Seven Steps to Escalation: A Scientist Warns: Wolves Kill People

Wolves kill sheep in central Züsedom, wolves walk in a circle near Ueckermünde, wolves eat calves in Krackow: Animals and people in Mecklenburg-Western Pomerania currently have problems with wolves almost every day. Canadian scholar Valerius Geest was not surprised by the wolf.

If people don’t fight back, the wolves will prevail, he says. The 83-year-old biologist has assumed throughout his career that wolves cannot be dangerous to humans. When he moved into his retirement home on Vancouver Island, he learned otherwise through his own account. He saw wolves killing dogs, chasing his neighbors, surrounding his wife, and ultimately himself.

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According to the scientist, the fact that wolves appear to be so harmless is simply due to the fact that they have practically exterminated since the early twentieth century and that the people of Canada have always been well armed. Hunters, forest workers, surveyors, prospectors, hunters, truck drivers and other professional groups kill the wolves before they cause damage. Valerius Geist said: “Woe to the wolf that has appeared.”

Not an attack out of thin air

The world is convinced that if humans do not defend themselves, wolves will attack. Of course, wolf attacks on farm animals or even humans do not happen suddenly. Instead, such attacks precede various stages of habituation to humans, the biologist explains. Describes a scale with seven clearly identifiable stages before a wolf attacks a person: “Seven stages of habituation,” Seven stages of habituation or Seven steps of escalation.

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According to Russian Canadian roots, the first signs are roe deer, deer, and other prey. If they are increasingly found in villages or towns, they do so because they are wolf fleeing. Animals flee from jungle to city for fear of wolf. Quite a few wild boars currently live in Greifswald.

In the second stage, wolves approach human dwellings mainly at night, according to the theory of Valerius Geist. This can be recognized, among other things, by the barking of dogs or the howling of a wolf tirelessly. They monitor people and quickly learn how far they can go. At the end of last year, a wolf’s howl was heard in Karwitz in the Mecklenburg Lake District.

According to Valerius Geest, the third stage begins when wolves also show themselves during the day. This is currently the case almost every day in Mecklenburg-Western Pomerania. They watch people do their daily chores and simply watch them learn, for example, even how to open the garden gates.

At the fourth level, they attack in the immediate vicinity of houses

In the fourth stage, according to Valerius Geest, wolves can no longer be overlooked. They attack dogs and farm animals even during the day, even if they are in the immediate vicinity of homes. They come to patios and gardens. Last year, a family in Vogelsang and Warsen in Vorpommern-Greifswald photographed a wolf in their garden. Humans are not yet the target of attacks at this point, but they are threatened with waste or exposing their teeth.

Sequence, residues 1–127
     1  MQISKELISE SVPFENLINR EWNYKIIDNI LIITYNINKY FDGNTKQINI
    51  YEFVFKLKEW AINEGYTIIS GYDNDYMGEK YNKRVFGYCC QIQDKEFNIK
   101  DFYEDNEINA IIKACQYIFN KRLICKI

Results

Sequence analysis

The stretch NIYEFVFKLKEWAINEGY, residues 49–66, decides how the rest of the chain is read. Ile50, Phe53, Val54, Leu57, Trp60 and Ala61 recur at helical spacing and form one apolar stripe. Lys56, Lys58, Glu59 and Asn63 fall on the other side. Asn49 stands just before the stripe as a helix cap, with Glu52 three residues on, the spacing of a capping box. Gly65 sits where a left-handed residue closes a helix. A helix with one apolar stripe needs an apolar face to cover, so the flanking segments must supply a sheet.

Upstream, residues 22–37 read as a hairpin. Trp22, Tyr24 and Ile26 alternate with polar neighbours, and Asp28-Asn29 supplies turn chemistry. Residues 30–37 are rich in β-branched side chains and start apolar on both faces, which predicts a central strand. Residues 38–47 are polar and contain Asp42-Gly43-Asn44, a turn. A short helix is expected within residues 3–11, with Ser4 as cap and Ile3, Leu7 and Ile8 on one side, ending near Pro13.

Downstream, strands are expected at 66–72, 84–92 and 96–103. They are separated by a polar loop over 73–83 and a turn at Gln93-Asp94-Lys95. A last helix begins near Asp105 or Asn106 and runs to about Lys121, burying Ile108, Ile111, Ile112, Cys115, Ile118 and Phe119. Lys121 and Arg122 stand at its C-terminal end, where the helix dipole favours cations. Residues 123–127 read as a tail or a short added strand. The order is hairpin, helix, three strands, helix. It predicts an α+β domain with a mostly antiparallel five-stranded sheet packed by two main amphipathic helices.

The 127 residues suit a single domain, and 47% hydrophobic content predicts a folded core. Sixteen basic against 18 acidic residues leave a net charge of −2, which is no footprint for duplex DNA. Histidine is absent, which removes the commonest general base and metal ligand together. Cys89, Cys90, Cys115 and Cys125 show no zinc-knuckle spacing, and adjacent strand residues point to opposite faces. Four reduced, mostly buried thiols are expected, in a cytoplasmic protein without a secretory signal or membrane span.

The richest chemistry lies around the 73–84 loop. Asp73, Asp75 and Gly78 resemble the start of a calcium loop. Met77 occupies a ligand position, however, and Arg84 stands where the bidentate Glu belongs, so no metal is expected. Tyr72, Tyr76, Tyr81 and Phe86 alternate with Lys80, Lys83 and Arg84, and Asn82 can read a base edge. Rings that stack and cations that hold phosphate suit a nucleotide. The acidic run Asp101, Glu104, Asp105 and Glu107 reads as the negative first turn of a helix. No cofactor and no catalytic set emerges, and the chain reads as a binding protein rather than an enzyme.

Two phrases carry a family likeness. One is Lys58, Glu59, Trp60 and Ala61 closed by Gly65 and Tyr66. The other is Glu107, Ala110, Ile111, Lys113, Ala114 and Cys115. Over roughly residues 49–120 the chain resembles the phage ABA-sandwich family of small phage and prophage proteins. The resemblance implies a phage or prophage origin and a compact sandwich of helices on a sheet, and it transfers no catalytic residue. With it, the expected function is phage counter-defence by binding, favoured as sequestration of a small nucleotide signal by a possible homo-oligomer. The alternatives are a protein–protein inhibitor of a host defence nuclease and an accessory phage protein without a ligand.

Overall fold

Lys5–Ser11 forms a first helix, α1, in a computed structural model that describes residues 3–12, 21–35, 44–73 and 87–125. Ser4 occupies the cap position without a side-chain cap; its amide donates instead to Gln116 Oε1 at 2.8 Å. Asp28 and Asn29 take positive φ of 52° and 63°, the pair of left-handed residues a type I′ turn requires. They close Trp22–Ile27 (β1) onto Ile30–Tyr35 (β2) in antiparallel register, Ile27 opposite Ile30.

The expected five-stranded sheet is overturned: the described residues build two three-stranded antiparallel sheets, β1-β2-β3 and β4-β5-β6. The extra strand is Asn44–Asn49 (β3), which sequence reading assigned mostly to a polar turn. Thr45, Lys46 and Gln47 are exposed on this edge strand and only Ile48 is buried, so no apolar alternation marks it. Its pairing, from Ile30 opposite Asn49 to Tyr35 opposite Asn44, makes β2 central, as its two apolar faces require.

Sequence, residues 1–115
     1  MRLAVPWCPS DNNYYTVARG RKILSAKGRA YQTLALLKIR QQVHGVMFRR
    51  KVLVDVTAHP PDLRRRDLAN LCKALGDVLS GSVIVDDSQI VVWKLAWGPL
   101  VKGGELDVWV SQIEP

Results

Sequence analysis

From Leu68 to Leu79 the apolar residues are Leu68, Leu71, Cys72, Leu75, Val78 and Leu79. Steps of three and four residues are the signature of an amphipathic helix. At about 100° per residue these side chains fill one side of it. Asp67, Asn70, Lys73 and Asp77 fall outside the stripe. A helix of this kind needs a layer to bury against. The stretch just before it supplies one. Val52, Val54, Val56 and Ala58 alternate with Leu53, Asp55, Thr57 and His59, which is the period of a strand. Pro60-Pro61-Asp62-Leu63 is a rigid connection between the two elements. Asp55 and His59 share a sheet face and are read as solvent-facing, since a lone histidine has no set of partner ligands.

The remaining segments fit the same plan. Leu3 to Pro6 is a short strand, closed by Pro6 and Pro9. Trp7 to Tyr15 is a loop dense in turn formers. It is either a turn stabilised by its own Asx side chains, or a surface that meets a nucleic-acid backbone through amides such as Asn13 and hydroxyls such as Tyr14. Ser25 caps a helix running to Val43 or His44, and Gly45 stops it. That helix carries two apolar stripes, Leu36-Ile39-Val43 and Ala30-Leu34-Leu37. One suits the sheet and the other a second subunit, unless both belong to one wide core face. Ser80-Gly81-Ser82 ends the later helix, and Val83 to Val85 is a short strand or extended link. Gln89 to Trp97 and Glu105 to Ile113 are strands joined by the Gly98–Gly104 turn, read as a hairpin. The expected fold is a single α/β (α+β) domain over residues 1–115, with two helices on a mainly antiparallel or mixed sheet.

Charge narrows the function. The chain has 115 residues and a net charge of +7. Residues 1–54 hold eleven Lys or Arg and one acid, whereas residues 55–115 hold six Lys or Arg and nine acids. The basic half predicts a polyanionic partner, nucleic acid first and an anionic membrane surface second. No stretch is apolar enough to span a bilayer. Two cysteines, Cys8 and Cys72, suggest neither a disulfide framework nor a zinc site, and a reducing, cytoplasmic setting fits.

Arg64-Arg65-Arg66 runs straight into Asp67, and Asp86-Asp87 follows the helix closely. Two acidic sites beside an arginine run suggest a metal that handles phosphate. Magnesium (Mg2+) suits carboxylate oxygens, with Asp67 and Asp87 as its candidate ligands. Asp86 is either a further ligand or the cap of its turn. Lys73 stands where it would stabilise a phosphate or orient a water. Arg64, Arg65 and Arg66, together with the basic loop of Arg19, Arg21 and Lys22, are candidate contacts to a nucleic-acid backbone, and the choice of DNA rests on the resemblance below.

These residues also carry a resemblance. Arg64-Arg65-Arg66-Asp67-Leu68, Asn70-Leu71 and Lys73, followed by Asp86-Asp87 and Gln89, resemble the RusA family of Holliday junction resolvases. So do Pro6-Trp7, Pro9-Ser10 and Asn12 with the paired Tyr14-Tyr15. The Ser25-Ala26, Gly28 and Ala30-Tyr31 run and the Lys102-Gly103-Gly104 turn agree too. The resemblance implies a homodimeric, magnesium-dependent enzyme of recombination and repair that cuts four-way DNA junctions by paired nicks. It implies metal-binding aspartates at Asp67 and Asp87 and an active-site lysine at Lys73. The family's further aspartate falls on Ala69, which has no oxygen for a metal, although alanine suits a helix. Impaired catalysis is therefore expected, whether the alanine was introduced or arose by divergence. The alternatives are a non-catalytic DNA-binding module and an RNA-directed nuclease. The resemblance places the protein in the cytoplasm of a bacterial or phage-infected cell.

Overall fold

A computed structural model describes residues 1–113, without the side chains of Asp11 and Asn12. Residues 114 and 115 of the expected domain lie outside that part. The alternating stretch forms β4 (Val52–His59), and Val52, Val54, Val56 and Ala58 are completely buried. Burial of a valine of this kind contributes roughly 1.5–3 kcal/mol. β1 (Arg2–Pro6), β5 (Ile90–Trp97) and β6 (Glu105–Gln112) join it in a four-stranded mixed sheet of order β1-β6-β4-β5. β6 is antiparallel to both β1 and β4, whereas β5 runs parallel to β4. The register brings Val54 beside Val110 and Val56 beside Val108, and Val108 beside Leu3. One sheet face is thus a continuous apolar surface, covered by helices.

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The fifth level is even more blatant. In this stage, for example, the riders are either moved and chased or large farm animals such as cattle are injured. They are found with torn ears, tails cut in half, or mutilated genitals. According to Valerius Geest, it can happen that a wolf looks through the living room window.

Stage VI is reached when wolves appear to be domesticated in a human’s immediate vicinity. They push the prams with their noses, or they pull their clothes or pinch their arms at times. They can be driven away by shouting and waving, but they don’t run away far. Everything seems hilarious. In fact, they are just starting to spot humans as prey and test how they would react to attacks.

At the seventh level, according to Valerius Geest, the height of the escalation had been reached. Now wolves have finally lost their fear of humans. Even though they are still a little clumsy, a person might still be able to defend himself against a single wolf, but even an armed man shouldn’t stand a chance against an entire flock.

It has been underestimated for centuries

According to Valerius Geest, wolves have been underestimated by scientists and politicians for the past 100 years. Wolves kill people, but no such incidents have been reported. For example, 24-year-old wildlife biologist Trisha Wayman was killed on April 18, 1996 by a group of captive wolves in Ontario. She was offered the dream job of caring for wolves and researching their behavior. She survived three days. You and the people around you must have been completely permeated into the myth of the harmless wolf, ” wrote Valerius Geest.

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In July 2002, Scott Lavigne was seriously injured and taken to hospital. He was a rowing in the Canadian province of British Columbia and did not take the exploration tours seriously. A thin old wolf attacked him with broken teeth. He stabbed her nine times with a four-inch knife. This didn’t kill them, but it drove them away. The 31-year-old refused to be interviewed because he feared that wolves would take a bad rap.

Valerius Geist was born in 1938. He is a biologist and professor of environmental sciences at the University of Calgary in Alberta, Canada.

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